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I sought Lunell's counsel on strategies for working cooperatively with some enigmatic employees. Her advice was wise and useful. Our office also consulted her on matters of inner-office teamwork. Her survey, penetrating questions and training design worked well to soften the office dissension and lead us to resolution. Other crucial qualities Lunell possesses re a sense of humor, perspective on human behavior, humility and assertiveness.

--Program Manager


Strategic Planning

Every five years or so well run organizations plan strategically. Strategic planning examines assumptions about the future and the organization's place in it. This deep examination and planning allows leadership to align organizational efforts to maximize resources. Deep examination and the potential for break-through strategies distinguish it from long range planning. There are many ways to conduct strategic planning; the steps below include questions you might ask.

  1. Preparation - Planning for Planning, how will you do this? Ask why you are planning at this time, what are your roles, what is your time frame, what resources are available to you?

  2. Description - What do you currently do, why do you do it, how do you operate, what is your structure, vital statistics, politics, values, purpose, functions? Values are identified in order to verify that actions are in keeping with your values.

  3. Visioning - Based on core values and guiding principles. How do you want to be characterized in the future? What is your current organizational culture or way of doing business, should it change, what is unique, what is the source of energy and commitment?

  4. Forecasting - This step spells out your assumptions about a changing environment. What questions do you need to answer in order to make a good forecast? Spend a lot of time articulating the questions so you can gather data, statistics or interviews, which will be useful to you. If you don't do this, it isn't strategic.

  5. Mission - Who you are, what you do, for whom.

  6. Stakeholders - Who cares about you? What demands do they currently have, and what they will have in the future?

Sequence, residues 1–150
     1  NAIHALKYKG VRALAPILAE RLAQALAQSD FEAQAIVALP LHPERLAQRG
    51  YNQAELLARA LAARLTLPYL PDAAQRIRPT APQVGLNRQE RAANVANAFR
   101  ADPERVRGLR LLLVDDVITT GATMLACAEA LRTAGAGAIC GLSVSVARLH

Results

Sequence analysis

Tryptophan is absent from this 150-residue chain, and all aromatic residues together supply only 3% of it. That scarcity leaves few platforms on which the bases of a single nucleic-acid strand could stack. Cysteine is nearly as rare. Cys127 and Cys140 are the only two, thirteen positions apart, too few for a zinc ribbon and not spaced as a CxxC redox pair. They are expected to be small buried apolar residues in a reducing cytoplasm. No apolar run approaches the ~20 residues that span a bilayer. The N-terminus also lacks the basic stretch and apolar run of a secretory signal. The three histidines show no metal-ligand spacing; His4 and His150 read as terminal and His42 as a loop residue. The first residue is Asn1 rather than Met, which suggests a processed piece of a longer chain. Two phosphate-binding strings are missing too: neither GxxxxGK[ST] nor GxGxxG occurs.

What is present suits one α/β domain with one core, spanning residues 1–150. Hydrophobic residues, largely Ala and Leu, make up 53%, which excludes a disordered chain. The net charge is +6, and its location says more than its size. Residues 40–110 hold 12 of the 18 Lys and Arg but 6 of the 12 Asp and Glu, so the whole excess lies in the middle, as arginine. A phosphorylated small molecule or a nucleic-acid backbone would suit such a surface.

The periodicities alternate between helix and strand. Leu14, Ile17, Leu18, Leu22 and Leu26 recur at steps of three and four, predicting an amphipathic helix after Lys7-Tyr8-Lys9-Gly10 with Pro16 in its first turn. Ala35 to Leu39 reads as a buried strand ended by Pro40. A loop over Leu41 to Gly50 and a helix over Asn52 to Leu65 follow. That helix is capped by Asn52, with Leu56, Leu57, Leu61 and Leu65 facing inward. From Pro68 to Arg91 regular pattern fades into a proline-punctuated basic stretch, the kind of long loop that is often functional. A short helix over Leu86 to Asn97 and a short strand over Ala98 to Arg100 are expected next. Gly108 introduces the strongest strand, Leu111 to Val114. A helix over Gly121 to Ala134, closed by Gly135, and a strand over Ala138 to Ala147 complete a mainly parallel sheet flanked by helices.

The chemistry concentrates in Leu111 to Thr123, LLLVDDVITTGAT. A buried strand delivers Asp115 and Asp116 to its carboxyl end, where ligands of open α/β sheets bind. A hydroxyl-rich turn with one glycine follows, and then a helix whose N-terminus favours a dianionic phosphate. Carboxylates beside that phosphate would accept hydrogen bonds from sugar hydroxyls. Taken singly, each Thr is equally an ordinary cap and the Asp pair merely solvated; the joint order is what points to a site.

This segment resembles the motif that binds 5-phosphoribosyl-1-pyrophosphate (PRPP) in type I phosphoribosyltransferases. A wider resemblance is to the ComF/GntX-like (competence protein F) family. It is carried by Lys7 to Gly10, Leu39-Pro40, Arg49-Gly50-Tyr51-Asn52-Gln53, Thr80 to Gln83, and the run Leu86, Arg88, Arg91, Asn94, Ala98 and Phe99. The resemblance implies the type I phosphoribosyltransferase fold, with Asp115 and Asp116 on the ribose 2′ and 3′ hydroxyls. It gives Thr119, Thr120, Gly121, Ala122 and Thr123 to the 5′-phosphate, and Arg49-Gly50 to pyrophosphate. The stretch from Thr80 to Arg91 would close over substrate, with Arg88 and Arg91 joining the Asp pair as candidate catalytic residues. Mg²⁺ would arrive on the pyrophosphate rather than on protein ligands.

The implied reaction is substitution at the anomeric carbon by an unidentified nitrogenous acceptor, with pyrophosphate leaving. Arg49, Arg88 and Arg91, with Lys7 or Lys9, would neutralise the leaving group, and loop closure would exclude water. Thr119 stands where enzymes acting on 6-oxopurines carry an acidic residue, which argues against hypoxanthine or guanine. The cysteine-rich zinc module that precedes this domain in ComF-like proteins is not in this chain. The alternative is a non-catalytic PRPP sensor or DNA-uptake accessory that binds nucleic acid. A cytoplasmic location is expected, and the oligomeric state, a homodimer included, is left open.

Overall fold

7. Environment - Without understanding your environment, your plans won't be very useful. Who are your current allies, adversaries, and neutrals? Do you want to change that? Who has the power to help you, who has the interest? What events or circumstances are likely to occur that threaten or present you with unique opportunities? What actions can generate new options or opportunities.

  8. Strategy/Scenario Building - It is useful to determine some best guesses about what will probably happen in the future. These guesses are called scenarios, and more than two should be created and discussed. Your planners should agree on a likely scenario and ask which key result areas will determine and are essential to your success? What long range goals best support your mission and finally, what operational or tactical moves are critical and possible? A tactical issue, for example, is, "what contracts do we sign, and how?" A strategic issue is, "What kind of contracts should we sign, what do we want in them? Do we want contracts or do we want to insource that activity?

  9. Gap Analysis - Given what you want, and where you are, where are the most realistic places to leverage your plan, why? Why? Why? Analysis, looking at it from several angles, and several levels, will give you a better understanding and plan.

  10. Action Plans - Are changes needed? If so, who supports them, who sponsors the change, who rewards the change? How can functional plans of sub-groups be coordinated? What conflicts can be expected and how can they best be managed?

  11. Results Management - This is the so what of the plans. Monthly or quarterly at leadership meetings you should look at reports indicating how you're doing. Do you have contingency plans and feedback plans? Everyone should know somewhere in the organization there is a transition team, moving the organization so it more closely aligns with the strategic plan you have developed. A strategic plan is on-purpose. Your organization doesn't have to be on purpose, but it's tough to get people committed to spending their time and other resources on something that isn't clear, well articulated, and challenging.

© 1998 Reprinted from Adams & Associates Development Letter

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